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Fall 05
Spring 05









Imagine a breathtaking trapeze ballerina, Vittoria, dancing through the air. Her ephemeral, delicate beauty ignites passion and envy as two rivals vow to win her love. The Ringmaster, a man of power iced with pride, is pitted against the Lion Tamer, determined to rule the domain of beasts. This is the world of drama, intricacy, and desire where Coco Kilks’ Circus Collection comes to life.

In the dizzying glitz of the limelight, Coco’s heroines are silently sad, haunted by terrifying recollections of the war. Consequently, the enticing vermillion satin strapless dresses, military inspired tailored jackets, and pitch black trouser suits peppering this collection mirror a duality of existence. Vittoria, a stunning temptress hiding a frightened little girl behind a façade of bogus dazzle, is pursued by two men who also seek separate halves of the whole.

Coco’s creations, defined by rigorous tailoring, impeccable craftsmanship, and architectural details, are infused with a romantic sensibility. Clad in Coco Kliks, picturesque women exist suspended in time, representing a rare moment of beauty. That is why the fashion clique awaits Ms. Kliks’ Autumn 2005 show with imminent anticipation. However, before unveiling her new body of work Coco spoke to Fashionlines about inspiration, art and life as a designer. Here is what she had to say…

Interview with Coco Klicks

1. How did your love affair with the world of fashion begin?

As a young girl in Thailand, I was enthralled with my mother’s elegant friends. Fascinated on the side lines, I had plenty of opportunity to make critical studies of feminine glamour. Perhaps that's when cupid’s arrow hit me...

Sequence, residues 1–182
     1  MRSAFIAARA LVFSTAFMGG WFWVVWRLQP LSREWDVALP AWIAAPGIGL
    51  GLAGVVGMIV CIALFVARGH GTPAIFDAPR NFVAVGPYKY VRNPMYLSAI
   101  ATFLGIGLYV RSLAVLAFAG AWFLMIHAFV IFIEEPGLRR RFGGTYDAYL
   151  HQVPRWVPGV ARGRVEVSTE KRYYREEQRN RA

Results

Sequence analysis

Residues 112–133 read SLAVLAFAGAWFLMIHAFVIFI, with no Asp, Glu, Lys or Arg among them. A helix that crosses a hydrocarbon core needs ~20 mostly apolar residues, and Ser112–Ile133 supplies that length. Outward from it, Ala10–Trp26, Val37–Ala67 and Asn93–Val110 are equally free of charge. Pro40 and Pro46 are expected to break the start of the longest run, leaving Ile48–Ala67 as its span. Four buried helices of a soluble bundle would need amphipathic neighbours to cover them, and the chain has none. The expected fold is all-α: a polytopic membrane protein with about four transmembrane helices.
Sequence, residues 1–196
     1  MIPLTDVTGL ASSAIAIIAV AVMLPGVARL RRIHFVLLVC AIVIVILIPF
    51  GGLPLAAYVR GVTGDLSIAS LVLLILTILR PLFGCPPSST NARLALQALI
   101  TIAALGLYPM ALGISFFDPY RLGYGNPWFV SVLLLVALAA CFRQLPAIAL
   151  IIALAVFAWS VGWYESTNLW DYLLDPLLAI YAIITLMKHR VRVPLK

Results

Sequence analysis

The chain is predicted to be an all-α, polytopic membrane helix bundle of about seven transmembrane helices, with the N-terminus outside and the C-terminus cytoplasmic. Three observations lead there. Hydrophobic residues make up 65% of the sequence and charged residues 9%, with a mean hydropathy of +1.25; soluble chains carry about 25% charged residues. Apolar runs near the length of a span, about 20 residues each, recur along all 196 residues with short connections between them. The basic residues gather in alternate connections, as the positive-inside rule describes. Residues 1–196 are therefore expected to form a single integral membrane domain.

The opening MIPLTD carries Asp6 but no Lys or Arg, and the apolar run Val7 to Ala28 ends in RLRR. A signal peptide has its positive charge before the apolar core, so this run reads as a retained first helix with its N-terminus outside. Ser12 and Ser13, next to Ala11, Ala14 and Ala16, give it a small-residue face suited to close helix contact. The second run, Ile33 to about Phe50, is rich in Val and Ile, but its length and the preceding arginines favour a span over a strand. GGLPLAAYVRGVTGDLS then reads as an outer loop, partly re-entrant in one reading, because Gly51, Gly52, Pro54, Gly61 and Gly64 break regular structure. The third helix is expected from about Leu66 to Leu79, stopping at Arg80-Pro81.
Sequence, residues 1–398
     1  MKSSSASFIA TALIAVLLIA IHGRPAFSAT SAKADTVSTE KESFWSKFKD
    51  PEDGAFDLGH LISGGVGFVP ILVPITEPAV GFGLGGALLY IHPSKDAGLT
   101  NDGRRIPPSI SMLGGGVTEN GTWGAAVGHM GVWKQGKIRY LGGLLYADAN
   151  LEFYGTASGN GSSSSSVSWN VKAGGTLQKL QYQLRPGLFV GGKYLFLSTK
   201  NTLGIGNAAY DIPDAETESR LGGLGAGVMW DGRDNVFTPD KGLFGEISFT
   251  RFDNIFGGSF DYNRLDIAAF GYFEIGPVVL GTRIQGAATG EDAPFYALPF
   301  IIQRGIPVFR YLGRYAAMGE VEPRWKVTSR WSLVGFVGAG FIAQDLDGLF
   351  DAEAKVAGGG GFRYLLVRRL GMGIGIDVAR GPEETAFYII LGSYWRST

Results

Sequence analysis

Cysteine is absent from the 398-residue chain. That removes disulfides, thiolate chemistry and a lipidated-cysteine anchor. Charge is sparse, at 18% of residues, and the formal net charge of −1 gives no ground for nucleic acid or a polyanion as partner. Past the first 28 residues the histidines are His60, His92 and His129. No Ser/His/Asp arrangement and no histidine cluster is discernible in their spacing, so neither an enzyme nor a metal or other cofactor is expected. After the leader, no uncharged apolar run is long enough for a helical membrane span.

2. In your opinion, what aspects of your work distinguish you from other designers?

I have my own way of doing things. I’m not cheap or lazy, that's why my stuff looks different.

3. What defines the Coco Kliks woman and her stylistic sensibilities?

Luxurious hand work and a commitment to detail that separate a treasured thing of beauty from a disposable consumer product.

4. How does being an LA based designer affect your creative process?

Living in Los Angeles provides me with the relative isolation to stay focused on my vision, yet affords me the opportunity to show on an emerging platform that is beginning to catch the interest of the media.

5. What is your opinion on LA Fashion Week?

I am entirely grateful that it's consolidated and now gaining momentum, but if LA is ever going to be taken seriously, it's got to grow up , and that means losing the jeans and jersey image.

6. What inspires your art?

Life, people, color, art, history, fashion, nature, dreams…

7. In your most recent collection, you rehashed innocent all-American exuberance. Why? How has the collection been received?

I thought to reference a time in America’s history that was generally more hopeful, united, and creative to draw a comparison to the State of the Union today.

8. You use the past as a point of reference. How do you tailor the old to fit the new?

Maybe I’ll pick a silhouette, or a color palette and I’ll let it influence what I conceive as modern dressing, while staying true to my distinctive style .

9. To you, what is American panache?

Clean, fresh, democratic sportswear, big brands designers like, Michael Kors, Perry Ellis, and Geoffrey Beene. Furthermore, it is brands that have consistently maintained high quality design, sturdy construction, and mass appeal.

10. How do you feel about the fragmentation of fashion?

It gives a chance to many creative voices and perhaps allows the customer more individuality. But, as we near the end of the decade, I think we will see a consolidation of styles and the first signs of the look that will define the fashion of the 2010s.

11. What are the staples of an elegantly chic, effortlessly polished wardrobe?

I think it depends entirely on the individual. Consider your personality and lifestyle and go form there. Don’t buy into a trend unless it truly suits you.

12. Name a personality; past or present, you would like to dress.

Madame de Maintenon (most important mistress of Louis XIV). With one stroke (or dress) one could influence every single woman of fashion in a (very slow) world wide ripple effect - possibly lasting decades, and, of course, price is no object.

13. How do you see your work evolving in the years to come?

The fascination right now is with the past. Our aspirations are rummaging around in the previous century, looking for something kind and familiar. I am happy to be a part of this review. But the shapes I see on the horizon are moving away from the literal and more towards the abstract less recognizable, more personal.

14. Is your name an homage to fashion icon Madame Chanel?

No. I love her arch rival, Schiaparelli.


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